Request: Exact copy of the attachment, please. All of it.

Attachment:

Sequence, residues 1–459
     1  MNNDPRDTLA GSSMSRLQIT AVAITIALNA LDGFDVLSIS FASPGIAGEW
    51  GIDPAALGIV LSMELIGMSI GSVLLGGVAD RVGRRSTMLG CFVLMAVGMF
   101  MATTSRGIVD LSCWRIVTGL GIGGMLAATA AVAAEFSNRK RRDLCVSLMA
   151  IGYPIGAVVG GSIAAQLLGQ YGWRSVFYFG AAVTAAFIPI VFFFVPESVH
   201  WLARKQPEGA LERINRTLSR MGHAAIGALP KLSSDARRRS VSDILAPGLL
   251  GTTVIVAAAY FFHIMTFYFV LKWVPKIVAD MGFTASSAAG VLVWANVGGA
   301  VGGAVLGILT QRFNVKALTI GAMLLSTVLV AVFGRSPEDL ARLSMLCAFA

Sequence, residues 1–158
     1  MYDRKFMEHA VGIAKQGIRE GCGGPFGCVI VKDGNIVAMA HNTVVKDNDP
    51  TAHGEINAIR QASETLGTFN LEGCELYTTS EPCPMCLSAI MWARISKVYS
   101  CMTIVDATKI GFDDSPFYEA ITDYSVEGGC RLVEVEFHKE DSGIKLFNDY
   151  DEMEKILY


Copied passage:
Sequence, residues 1–459
     1  MNNDPRDTLA GSSMSRLQIT AVAITIALNA LDGFDVLSIS FASPGIAGEW
    51  GIDPAALGIV LSMELIGMSI GSVLLGGVAD RVGRRSTMLG CFVLMAVGMF
   101  MATTSRGIVD LSCWRIVTGL GIGGMLAATA AVAAEFSNRK RRDLCVSLMA
   151  IGYPIGAVVG GSIAAQLLGQ YGWRSVFYFG AAVTAAFIPI VFFFVPESVH
   201  WLARKQPEGA LERINRTLSR MGHAAIGALP KLSSDARRRS VSDILAPGLL
   251  GTTVIVAAAY FFHIMTFYFV LKWVPKIVAD MGFTASSAAG VLVWANVGGA
   301  VGGAVLGILT QRFNVKALTI GAMLLSTVLV AVFGRSPEDL ARLSMLCAFA

Sequence, residues 1–158
     1  MYDRKFMEHA VGIAKQGIRE GCGGPFGCVI VKDGNIVAMA HNTVVKDNDP
    51  TAHGEINAIR QASETLGTFN LEGCELYTTS EPCPMCLSAI MWARISKVYS
   101  CMTIVDATKI GFDDSPFYEA ITDYSVEGGC RLVEVEFHKE DSGIKLFNDY
   151  DEMEKILY